Depending on your levels, you may need a top-up of vitamin D and iron. Anaemia in pregnancy isn’t a good idea.
Some medicines, herbal remedies and creams also need to be stopped before falling pregnant. Obviously, the contraceptive pill is out. Less obvious is the fact that it can take 3-6 months for regular periods to return after stopping certain contraceptives.
You can’t take many acne treatments when pregnant. You also need to cut particular antibiotics, cold and flu remedies and over the counter medicines, such as ibuprofen.
Vitamin A and supplements aren’t generally considered safe in pregnancy either.
4) Falling pregnant is the easy part, right?
I often chuckle about how we spend our youth trying to avoid getting pregnant, only to be surprised when it doesn’t happen the instant we’re ready.
In fact, conceiving can be quite hard for many people. One in six couples has difficulty, according to Access Australia.
For women, the likelihood of in utero fertilisation decreases as we age. The chance of a 30 year old conceiving each cycle is around 20%. For a 40 year old, it drops to 5%.
Visiting your GP when trying for a baby is essential. They’ll conduct a full medical and family history examination to see if you have any conditions that may require extra fertility care.
Your GP will advise on making good lifestyle choices that increase your chances – stop smoking, cut out alcohol and drugs, get regular exercise and manage your weight.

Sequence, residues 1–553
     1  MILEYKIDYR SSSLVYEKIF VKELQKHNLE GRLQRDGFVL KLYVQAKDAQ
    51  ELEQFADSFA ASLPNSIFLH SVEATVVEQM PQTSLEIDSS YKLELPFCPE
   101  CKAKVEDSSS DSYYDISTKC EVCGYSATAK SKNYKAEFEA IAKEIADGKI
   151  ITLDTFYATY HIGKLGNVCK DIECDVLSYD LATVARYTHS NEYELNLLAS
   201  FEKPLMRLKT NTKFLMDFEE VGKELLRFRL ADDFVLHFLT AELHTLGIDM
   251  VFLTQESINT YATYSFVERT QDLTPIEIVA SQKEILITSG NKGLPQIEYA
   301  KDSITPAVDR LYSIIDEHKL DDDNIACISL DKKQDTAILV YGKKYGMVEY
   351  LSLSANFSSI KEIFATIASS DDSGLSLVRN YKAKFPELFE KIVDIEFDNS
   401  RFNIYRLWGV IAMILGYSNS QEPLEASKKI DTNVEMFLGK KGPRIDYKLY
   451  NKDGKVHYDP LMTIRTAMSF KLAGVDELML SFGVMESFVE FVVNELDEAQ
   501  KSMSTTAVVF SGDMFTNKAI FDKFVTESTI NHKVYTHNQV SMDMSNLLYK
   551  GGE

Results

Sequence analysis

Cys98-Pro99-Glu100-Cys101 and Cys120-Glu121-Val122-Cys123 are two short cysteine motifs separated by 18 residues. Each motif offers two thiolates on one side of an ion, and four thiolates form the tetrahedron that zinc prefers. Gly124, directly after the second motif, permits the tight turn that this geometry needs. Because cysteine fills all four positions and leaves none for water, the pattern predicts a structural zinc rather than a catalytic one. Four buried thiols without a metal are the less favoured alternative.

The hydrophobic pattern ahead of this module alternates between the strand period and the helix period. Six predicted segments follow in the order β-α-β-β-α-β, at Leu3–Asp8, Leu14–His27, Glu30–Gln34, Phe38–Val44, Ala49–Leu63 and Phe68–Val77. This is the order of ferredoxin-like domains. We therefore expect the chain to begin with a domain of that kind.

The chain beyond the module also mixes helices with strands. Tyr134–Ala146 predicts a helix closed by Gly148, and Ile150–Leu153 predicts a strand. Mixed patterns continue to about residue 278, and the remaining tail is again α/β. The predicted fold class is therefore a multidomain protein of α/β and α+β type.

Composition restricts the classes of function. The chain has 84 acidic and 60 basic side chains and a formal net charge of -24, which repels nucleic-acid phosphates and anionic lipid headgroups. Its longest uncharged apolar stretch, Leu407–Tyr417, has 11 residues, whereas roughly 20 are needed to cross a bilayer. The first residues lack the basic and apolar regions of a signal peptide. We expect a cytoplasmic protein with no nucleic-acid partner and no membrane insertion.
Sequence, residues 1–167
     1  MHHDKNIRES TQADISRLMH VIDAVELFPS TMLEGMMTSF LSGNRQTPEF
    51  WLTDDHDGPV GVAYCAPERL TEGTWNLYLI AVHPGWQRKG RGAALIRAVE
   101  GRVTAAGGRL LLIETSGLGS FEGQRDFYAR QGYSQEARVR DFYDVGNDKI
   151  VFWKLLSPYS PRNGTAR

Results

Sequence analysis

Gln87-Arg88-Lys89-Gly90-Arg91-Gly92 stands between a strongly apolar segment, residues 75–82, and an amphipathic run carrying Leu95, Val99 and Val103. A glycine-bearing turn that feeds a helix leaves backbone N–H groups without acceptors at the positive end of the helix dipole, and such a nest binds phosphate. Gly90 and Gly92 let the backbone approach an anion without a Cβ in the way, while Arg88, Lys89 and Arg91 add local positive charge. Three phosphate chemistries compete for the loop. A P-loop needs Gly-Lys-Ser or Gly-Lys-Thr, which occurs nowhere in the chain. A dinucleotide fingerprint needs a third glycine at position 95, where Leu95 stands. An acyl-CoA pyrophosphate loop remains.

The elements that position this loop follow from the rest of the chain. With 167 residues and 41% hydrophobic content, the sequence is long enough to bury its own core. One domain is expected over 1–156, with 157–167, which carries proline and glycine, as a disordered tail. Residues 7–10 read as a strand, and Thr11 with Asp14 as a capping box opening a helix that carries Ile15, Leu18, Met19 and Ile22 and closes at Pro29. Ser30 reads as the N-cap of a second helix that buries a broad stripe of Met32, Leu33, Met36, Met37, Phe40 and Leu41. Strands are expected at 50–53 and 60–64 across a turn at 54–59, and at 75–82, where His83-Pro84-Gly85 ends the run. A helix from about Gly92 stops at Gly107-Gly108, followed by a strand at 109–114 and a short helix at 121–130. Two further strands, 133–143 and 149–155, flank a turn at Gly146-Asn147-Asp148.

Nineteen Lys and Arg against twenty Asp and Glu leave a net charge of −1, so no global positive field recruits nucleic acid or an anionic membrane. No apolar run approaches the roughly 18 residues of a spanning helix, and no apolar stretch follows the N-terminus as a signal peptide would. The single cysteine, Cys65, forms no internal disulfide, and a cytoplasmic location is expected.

Myths about the best time to have sex will also be debunked. As too will be other wild theories, such as whether to hug your knees after sex and refrain from trampolining (the answers are ‘no’ and ‘no’).
The time it takes to get pregnant is another question I’m asked every day. Some couples take one cycle, some take one decade. It’s generally advised women see a doctor for fertility advice following more than 12 months of regular unprotected sex – six months for women over 35 or if there’s a suspected fertility problem with either partner.
Your GP can refer you to a fertility specialist if needed – dependant on a range of factors, including your age and pre-existing medical conditions. Rest assured that not all referrals to a fertility specialist mean in vitro fertilisation (IVF) – other assistance can be provided, such as help with ovulation.
5) Singles and LGBTI families: IVF and more
If you’re missing a requisite piece of biology to get pregnant naturally, your GP can outline your options. Medical science is racing ahead at mind-blowing speeds in this area.
Intrauterine insemination (IUI), in vitro fertilisation (IVF) and surrogacy are the three most sought after methods, yet adoption and fostering also have their merits.
Same-sex couples have an increasing number of possibilities open to them for having a baby. I recently met with a lesbian couple who were considering IVF ‘egg sharing’, where one partner’s eggs are used to create an embryo (genetic mother) which is then transferred to the other partner’s uterus (birth mother). What a lovely way to start a little family!
It’s also important to be aware of the many legal, financial and societal considerations. Again, your GP can point you the right direction to gain more information on such topics.
Dr Rachael Sutherland, Dr Judith Kirwood, Dr Tania Nishimura and Dr Greg Clugston all have experience in pregnancy planning, as well as extra training in shared care (pregnancy care). Book an appointment online with any of these brilliant doctors or call us on (03) 8579 6838.